In a previous post I wrote about Saudi-Arabia and its raging epidemic of tribalism. Read more about it here.
The ‘inbreeding’ which results from tribal thinking can sometimes be devastating or even fatal to children that are born into families who have practiced first cousin marriages for centuries. I’ve seen the most peculiar and rare genetic disorders and birth defects in the pediatric patients I’ve taken care of in Saudi Arabia. The prevalence of certain genetic diseases is very high in Saudi-Arabia compared to the rest of the world because of high rates of consanguinity (cousin to cousin), reaching up to 80% of all marriages in some regions.
An example of such a disorder are the children born with ambigious genitalia. “A child may be born with genitals that are not clearly male or female (ambiguous genitals, or intersex state). Most children with ambiguous genitals are pseudohermaphrodites—that is, they have ambiguous external genital organs but either ovaries or testes (not both). Pseudohermaphrodites are genetically male or female.”
Read more about the condition here: http://www.merck.com/mmhe/sec23/ch265/ch265d.html
The metabolic disorder causing it is called congenital adrenal hyperplasia (CAH). Most of the cases in KSA are caused by this inherited condition. Unfortunately accurate data on the nationwide prevalence does not exist or it’s very scarce. This is typical to KSA, statistics on certain “hush hush” topics are either withheld, do not exist or at least have a nice thick sugar coating on them.
In Saudi-Arabia the majority of the cases caused by CAH are type 46XX which means the child is a genetic female with male genitalia. Some are not easy to define at birth and need testing to define sex. Sometimes gender is not properly investigated and the outcome is assigning the sex as the preferred gender in Saudi: MALE.
According to this study “There was an obvious preference to assign male sex.”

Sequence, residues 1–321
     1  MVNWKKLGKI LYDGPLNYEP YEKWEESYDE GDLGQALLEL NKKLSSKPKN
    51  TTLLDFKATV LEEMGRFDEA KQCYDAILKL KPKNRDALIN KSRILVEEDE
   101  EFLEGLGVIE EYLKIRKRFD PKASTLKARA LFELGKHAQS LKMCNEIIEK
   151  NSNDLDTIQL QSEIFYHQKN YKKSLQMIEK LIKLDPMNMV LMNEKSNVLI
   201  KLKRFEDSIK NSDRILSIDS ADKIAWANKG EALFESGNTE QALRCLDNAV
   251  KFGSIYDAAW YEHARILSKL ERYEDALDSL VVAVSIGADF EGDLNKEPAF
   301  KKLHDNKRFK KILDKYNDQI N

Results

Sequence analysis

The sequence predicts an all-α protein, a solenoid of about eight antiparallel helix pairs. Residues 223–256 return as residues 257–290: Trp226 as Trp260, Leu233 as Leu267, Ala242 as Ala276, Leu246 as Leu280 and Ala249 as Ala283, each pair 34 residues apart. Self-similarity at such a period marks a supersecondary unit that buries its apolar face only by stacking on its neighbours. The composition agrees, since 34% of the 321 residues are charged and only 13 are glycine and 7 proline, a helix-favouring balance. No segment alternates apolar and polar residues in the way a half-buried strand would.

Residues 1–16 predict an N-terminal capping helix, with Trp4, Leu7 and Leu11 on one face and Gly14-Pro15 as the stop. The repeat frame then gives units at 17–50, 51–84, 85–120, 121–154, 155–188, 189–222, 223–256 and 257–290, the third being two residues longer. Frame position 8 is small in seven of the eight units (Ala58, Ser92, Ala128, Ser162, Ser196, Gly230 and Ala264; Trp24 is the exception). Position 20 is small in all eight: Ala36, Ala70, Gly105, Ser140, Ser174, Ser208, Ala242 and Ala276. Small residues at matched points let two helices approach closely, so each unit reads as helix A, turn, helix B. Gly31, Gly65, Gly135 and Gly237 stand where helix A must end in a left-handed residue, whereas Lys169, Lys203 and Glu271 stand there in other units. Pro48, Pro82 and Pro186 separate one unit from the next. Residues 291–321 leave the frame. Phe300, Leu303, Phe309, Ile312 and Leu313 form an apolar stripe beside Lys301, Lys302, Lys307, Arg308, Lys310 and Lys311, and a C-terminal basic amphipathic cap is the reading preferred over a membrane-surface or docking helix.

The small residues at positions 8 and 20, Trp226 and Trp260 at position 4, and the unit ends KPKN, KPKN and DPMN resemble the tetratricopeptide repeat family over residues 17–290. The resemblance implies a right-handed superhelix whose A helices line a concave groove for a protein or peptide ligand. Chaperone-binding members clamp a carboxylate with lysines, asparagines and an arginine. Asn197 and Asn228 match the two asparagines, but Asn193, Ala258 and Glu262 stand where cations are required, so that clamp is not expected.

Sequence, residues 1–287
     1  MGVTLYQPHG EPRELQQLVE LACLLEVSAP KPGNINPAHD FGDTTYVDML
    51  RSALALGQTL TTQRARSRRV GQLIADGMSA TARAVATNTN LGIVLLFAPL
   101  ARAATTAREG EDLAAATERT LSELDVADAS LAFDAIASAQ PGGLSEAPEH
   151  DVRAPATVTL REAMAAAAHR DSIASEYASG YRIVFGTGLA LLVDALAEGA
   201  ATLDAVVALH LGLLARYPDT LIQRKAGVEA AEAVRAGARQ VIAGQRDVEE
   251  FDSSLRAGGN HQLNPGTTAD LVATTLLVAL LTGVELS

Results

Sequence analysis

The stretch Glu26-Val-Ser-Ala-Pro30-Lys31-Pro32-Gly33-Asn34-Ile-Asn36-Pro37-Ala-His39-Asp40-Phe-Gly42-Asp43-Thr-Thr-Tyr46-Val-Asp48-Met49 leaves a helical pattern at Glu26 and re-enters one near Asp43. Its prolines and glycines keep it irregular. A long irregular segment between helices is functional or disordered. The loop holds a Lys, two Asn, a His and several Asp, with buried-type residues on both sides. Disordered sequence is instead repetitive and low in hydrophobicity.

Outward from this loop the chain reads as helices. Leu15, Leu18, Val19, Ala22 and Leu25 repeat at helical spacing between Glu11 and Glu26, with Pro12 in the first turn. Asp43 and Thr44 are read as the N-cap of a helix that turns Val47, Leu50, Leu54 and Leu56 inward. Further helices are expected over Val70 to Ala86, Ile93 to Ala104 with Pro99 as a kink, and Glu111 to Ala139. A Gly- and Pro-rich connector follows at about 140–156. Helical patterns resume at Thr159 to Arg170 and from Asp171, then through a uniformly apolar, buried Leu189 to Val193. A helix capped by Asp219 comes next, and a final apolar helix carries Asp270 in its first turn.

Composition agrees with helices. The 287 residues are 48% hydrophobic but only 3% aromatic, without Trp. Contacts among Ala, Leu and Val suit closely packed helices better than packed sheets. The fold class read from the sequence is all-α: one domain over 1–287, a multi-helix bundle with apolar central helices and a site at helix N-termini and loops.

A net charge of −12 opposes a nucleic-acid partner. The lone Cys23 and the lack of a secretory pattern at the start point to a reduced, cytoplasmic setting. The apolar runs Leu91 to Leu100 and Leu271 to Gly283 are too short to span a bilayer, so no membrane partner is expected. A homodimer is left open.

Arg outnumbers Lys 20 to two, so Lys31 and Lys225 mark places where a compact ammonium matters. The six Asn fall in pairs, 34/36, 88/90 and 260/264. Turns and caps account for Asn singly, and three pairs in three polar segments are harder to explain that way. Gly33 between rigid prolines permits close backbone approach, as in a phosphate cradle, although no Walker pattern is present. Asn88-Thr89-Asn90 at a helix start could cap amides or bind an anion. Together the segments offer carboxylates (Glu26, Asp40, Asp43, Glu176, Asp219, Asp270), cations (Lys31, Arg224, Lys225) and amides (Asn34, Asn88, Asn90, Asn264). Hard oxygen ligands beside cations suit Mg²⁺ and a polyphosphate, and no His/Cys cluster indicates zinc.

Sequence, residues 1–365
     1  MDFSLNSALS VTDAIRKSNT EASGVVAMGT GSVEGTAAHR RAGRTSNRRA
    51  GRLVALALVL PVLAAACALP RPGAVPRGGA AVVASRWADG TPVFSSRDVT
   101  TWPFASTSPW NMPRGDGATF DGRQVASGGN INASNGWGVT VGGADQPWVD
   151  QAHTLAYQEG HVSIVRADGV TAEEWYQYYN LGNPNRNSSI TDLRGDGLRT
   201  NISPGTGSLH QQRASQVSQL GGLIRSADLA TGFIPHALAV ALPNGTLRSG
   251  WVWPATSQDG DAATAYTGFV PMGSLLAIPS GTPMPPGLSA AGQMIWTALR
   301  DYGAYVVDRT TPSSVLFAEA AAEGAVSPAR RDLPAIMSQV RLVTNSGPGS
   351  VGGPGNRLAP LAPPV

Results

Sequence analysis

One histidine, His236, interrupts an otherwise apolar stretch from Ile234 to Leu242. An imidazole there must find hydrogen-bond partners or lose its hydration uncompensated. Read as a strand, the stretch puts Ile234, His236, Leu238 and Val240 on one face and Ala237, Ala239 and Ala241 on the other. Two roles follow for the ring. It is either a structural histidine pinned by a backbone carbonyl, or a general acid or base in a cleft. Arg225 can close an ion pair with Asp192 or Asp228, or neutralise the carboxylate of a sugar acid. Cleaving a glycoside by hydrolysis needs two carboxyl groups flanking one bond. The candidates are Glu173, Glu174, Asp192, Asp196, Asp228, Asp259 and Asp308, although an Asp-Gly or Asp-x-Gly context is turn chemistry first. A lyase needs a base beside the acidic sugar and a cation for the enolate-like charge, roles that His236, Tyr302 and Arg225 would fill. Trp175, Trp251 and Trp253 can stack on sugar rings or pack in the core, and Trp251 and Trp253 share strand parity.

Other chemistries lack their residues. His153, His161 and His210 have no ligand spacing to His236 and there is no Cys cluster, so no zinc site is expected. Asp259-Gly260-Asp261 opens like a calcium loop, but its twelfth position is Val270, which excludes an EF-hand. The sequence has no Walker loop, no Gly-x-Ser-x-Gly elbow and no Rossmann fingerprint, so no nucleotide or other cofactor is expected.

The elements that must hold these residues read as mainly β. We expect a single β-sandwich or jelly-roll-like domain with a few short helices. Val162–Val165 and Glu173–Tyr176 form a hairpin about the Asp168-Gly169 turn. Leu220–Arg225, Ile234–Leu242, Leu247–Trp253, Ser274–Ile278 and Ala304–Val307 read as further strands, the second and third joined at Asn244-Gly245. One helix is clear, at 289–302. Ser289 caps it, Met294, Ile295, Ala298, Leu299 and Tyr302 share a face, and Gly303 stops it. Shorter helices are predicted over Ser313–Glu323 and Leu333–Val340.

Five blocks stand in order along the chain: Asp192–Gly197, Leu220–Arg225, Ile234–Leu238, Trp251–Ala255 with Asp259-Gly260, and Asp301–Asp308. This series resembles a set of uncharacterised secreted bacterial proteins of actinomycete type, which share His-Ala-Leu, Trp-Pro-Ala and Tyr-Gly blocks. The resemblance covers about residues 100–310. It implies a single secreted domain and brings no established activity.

This, despite the contradictory evidence from studies conducted in western countries:
“It is often technically easier to treat (and therefore raise) the child as female (it is easier for a surgeon to make female genitalia than it is to make male genitalia), so in some cases this is recommended even if the child is genetically male.”
“we conclude that the assignment to the female gender as a general policy for 46,XX patients with CAH appears justified, even in severely masculinized cases”
So why are so many Saudi families that have children with ambiguous genitalia assigning male sex for clearly genetical females?
I guess it’s obvious what the preferred gender is in Saudi-Arabia. If you had the chance to live as a woman or as a man in KSA, I bet most would choose the latter because of all the restrictions imposed on a woman’s life here. Life for a Saudi man is easy and privileged, he is at the top of the “pecking order”. For a Saudi woman it’s much harder because of the many restrictions and being treated like a second-class citizen, and like a minor their entire lives.
Sometimes the patients will need gender reassignment which means they need to decide whether or not to change the official sex of the child as recommended by the doctors. Saudi parents often refuse, especially when it is suggested to change from male to female. The best for the child would naturally be to determine the sex when they are very young. It happens though that sometimes the diagnosis or decision is made late, and the child already identifies as female or male. Despite this the sex is changed which causes many emotional problems and identity crisis for the child.